As interest rates rise and existing Home Equity Lines of Credit (HELOCs) near the end of their draw period, these events are creating the “perfect storm” for borrowers to get a reverse mortgage, according to a recent analysis from All Reverse Mortgage Company (All RMC).
In the years following the Recession, a combination of events have occurred that bode well for reverse mortgages, suggested Mike Branson, CEO of All RMC, in a blog post last week.
Namely, such events include the forecasted rise in interest rates economists predict for later this year; existing HELOCs that are entering a reset and repayment period; along with the difficulty in obtaining replacement HELOCs under current underwriting standards.
While these phenomena have the potential to “wreak havoc” on unprepared borrowers’ finances, Branson suggests the Department of Housing and Urban Development’s (HUD) Home Equity Conversion Mortgage (HECM) can be one solution.
“There is no time like now to take another look at the HUD HECM reverse mortgage,” Branson writes.
Take interest rates, for example. If rates rise later this year—as predicted by economists for the Mortgage Bankers Association, Fannie Mae and Freddie Mac—borrowers who have been waiting to get their reverse mortgage may be in a “big surprise,” Branson notes.
Based on how long prospective borrowers wait, that is, if they are waiting for their home value to increase or for their next birthday, they may find that the gains they anticipated may be erased by the amount the lose from higher rates, suggests Branson, who provides the following scenario.
For example, a 68-year-old homeowners with a $300,000 home would have a principal limit of $168,600 at the existing low rates. At age 69, this amount rises to $170,700, an increase of $2,100 at current rates.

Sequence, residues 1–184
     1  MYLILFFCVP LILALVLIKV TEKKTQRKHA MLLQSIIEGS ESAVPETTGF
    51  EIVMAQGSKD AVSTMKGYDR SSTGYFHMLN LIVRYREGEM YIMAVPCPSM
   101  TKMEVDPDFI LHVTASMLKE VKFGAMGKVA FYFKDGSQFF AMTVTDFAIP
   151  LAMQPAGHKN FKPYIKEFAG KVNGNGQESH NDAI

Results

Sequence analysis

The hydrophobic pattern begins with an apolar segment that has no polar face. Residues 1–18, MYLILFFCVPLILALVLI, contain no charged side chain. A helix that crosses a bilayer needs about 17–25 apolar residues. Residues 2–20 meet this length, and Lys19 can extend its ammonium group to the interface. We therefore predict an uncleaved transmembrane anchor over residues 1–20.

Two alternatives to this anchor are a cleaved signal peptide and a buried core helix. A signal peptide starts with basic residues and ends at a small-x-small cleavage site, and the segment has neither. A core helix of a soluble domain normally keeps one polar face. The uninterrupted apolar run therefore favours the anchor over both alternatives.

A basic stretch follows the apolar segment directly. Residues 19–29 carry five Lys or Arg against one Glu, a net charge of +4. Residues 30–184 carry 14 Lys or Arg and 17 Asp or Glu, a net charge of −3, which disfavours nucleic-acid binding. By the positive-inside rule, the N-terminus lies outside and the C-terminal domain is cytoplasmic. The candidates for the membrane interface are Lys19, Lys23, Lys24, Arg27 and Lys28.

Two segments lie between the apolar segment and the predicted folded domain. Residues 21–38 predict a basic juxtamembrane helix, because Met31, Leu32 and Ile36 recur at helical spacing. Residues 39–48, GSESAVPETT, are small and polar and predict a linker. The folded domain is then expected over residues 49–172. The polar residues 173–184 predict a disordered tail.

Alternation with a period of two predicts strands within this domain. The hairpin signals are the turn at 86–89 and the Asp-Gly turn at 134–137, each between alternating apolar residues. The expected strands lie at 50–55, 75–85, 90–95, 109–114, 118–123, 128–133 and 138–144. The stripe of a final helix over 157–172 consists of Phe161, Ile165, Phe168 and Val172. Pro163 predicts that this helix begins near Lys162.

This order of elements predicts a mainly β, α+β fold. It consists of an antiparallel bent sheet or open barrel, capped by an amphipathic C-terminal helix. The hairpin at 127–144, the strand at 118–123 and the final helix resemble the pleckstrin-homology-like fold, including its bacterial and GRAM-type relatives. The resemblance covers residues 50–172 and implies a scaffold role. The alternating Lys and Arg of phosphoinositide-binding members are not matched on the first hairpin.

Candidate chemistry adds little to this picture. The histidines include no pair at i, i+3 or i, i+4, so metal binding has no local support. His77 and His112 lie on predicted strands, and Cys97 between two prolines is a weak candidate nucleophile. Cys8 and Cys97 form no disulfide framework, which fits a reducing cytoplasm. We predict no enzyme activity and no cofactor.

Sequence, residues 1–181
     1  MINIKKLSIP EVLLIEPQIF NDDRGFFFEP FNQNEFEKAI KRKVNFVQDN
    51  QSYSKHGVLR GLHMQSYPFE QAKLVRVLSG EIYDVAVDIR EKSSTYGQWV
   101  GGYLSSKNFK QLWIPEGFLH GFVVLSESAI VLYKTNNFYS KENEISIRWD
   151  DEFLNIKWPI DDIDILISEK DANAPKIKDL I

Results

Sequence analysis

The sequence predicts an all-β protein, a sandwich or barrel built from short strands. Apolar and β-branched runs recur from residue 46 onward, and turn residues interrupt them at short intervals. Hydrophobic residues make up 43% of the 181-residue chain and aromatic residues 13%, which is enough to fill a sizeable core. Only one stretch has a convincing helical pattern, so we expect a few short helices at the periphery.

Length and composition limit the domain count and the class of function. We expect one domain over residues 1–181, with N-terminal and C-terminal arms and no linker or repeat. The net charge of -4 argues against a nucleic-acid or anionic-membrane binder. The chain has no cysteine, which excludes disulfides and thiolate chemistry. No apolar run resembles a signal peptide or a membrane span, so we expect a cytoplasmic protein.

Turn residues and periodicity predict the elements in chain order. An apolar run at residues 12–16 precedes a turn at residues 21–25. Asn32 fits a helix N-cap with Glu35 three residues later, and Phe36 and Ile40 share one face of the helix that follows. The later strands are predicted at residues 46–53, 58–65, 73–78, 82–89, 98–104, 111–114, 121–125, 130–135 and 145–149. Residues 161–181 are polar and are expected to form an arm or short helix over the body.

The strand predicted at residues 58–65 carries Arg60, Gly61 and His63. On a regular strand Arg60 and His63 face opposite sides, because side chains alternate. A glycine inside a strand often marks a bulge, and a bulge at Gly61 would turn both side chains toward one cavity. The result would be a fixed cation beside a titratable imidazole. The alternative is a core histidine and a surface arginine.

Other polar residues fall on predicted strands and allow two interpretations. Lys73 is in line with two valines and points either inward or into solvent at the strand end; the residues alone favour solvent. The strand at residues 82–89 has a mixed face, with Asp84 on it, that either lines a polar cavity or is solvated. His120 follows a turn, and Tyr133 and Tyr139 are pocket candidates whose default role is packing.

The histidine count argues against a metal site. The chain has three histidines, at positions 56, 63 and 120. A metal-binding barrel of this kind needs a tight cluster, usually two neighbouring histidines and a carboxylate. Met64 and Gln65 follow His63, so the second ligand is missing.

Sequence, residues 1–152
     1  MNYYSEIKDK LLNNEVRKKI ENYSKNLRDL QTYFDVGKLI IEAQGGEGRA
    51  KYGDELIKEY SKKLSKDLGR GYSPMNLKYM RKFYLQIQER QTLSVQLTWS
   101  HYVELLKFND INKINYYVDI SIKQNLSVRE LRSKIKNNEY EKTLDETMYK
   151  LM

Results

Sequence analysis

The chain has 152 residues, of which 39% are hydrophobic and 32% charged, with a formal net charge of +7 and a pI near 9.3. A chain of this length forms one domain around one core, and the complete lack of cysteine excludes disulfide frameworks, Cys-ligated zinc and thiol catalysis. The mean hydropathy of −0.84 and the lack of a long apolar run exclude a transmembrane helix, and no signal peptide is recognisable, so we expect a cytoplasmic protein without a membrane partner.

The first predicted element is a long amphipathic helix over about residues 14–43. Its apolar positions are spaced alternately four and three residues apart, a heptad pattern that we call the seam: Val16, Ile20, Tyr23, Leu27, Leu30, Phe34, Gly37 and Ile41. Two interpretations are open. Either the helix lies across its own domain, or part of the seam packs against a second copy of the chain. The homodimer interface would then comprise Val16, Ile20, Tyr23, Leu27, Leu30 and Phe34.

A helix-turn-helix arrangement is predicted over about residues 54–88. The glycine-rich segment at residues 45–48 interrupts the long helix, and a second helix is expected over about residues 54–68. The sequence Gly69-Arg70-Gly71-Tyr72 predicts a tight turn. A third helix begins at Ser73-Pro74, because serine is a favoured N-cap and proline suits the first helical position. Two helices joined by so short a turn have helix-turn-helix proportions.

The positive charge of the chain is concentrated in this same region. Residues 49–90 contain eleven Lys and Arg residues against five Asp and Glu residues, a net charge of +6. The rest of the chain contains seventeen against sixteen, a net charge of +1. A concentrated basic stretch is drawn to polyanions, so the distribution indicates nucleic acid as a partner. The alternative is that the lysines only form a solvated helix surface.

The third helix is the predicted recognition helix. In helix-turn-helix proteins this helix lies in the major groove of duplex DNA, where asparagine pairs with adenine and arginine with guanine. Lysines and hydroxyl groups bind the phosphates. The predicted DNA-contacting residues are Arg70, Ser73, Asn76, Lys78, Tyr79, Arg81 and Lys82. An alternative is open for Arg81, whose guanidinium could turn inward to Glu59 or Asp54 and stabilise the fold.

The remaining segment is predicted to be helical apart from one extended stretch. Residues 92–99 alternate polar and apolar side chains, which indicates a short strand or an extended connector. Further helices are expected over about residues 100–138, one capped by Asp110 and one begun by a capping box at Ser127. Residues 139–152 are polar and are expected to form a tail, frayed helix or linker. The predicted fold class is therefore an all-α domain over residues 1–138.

“However, even with the increased age, but with a three-quarter percent raise in rate to just 5.75%, the $2,100 gain becomes $28,200 LESS,” notes Branson. “Along the same lines, it would take an increase in value of about $61,000 just to get the same benefit after the increase in rate for the 68-year-old borrower.”
Then there is the $373 billion in HELOCs, 40% of which are reaching the end of their draw period in the next three years, that can have an adverse effect on seniors’ finances.
“What this means to many senior homeowners is that line of credit you have taken for granted for so long will soon be frozen and you will have no more access to those funds if you are one of the ones who has reached the end of the draw period,” Branson writes.
Additionally, Branson notes that these affected individuals will see their payments go from interest only to full principal, while interest repayments could double or triple depending on rising rates.
Read the full All RMC analysis.
Written by Jason Oliva